Shipbuilding: Cruise, Ferries and Ice-Going Vessels

At the Turku Shipyard, the Mein Schiff 3 was in the hull erection phase, and the Mein Schiff 4 was in the prefabrication and block stage at press time, according to Jari Anttila, executive vice president and COO of STX Finland. “The progress of both ships is good and we are exactly on schedule,” Anttila said.

The Turku yard, which delivered the Viking Grace to Viking Line earlier this year, also built the Oasis and Allure of the Seas for Royal Caribbean International.

 “We are busy with TUI orders for now,” he said, “but after those ships are delivered, we will need new orders.” Mein Schiff 3 is slated for delivery next year and Mein Schiff 4 in 2015.

Because of the recession in the global economy, STX Finland has been struggling with low profitability and lack of orders. Thus, the company has launched a restructuring effort and announced at press time that it will be ramping down operations at the Rauma Shipyard and transfering that work to Turku.

Anttila said that the anticipated volume of future demand is not enough to sustain two shipyards at STX Finland.

“During the summer and fall there has been a lot of talk about the financial situation of our parent company,” he said. “The restructuring of the STX group is progressing and is good for us. It clears up the uncertainties that have surrounded our company; the Finnish government is also being supportive of cruise-ship building within EU rules.”

Adding to the rumors earlier this year was the loss of the third Oasis-class ship, which instead went to sister company STX France, in which the French government holds an interest.

“That was, of course, unfortunate,” Anttila said. “We had a good working relationship with the client, but lost out because of the financing.

 “As most of the shipbuilders, we are also struggling to get new orders,” he continued. “In the short term, the lack of work is affecting our results. We have to get new orders and cut costs to improve our financial performance.”

Anttila added that the competitive advantage of Finnish shipbuilding has always been technological leadership and the quality of the end product, and that these factors will continue to be the cornerstone of the Finnish yards.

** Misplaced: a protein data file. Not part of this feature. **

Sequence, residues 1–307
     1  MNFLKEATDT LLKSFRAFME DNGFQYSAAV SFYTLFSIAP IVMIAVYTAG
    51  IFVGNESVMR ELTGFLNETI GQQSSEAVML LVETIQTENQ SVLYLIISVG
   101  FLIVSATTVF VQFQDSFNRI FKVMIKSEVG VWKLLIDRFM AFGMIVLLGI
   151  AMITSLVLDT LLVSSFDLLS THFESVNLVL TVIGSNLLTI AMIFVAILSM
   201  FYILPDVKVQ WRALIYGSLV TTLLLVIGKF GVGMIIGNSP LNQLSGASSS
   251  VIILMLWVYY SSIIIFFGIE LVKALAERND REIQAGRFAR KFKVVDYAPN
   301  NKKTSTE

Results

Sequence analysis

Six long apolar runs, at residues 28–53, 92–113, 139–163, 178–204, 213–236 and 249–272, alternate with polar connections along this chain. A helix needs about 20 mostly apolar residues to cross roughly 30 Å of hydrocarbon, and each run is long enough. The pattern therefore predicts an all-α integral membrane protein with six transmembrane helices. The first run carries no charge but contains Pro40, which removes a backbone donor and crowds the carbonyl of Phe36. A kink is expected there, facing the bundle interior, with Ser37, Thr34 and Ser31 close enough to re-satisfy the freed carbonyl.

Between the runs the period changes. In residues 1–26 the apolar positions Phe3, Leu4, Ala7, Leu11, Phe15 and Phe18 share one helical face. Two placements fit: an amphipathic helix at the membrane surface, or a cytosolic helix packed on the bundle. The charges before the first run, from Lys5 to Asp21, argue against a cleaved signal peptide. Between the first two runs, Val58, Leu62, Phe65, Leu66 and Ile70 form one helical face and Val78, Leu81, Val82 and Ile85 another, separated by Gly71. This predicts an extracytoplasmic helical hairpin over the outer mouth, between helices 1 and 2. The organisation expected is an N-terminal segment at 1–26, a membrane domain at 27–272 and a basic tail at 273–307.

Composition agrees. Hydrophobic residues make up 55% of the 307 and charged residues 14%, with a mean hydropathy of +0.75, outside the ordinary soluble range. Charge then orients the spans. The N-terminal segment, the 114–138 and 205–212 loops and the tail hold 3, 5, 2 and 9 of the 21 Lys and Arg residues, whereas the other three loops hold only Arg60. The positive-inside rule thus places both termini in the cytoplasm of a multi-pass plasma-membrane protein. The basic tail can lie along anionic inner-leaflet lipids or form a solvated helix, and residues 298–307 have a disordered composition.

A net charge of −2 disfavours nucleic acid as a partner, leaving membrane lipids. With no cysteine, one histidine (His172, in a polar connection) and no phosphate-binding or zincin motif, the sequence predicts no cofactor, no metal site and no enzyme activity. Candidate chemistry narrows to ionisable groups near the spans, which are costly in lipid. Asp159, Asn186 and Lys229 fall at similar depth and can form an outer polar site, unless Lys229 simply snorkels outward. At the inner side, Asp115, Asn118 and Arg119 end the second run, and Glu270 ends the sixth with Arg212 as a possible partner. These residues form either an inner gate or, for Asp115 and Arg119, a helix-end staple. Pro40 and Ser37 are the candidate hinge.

Future Generations of Ships

“We have to create the future,” said Jukka Vasama, vice president of research and development for cruise and ferries at STX Finland. He was referring to the company’s proactive work on ship designs as well as alternative power sources, including bio fuel, solar, wind and even wave power. “We are working on a variety of options, and with new rules and regulations getting tougher and tougher, new technologies will come.”

Vasama explained that the new research and development department was only a few weeks old and its objective is to coordinate and streamline the shipbuilder’s efforts to create more efficient, more environmentally friendly and safer ships.

“We are coordinating the work within the shipyard,” he said, “and utilizing outside sources such as universities and partner companies. Our overall goal is to improve on all the processes throughout the company.”

The focus is on three product groups:  cruise and passenger vessels, icebreakers, and the high-end offshore market.

For cruise ships, Vasama said they are working on improving the passenger capacity, that is, finding ways to maximize passenger space for more staterooms, which, he said, can be achieved, for example, by minimizing technical spaces for piping and ducts.

Other targets are operational costs, whereby STX is focusing on fuel, manning and energy efficiencies; safety, including damage stability issues, fire and evacuation; environmental aspects, such as emissions; and passenger comfort.

>> Also in this section: Fincantieri’s Current Outlook as well as in-depth analysis of newbuilding projects at Norwegian and P&O.

Excerpt from Cruise Industry News Quarterly Magazine: Fall 2013

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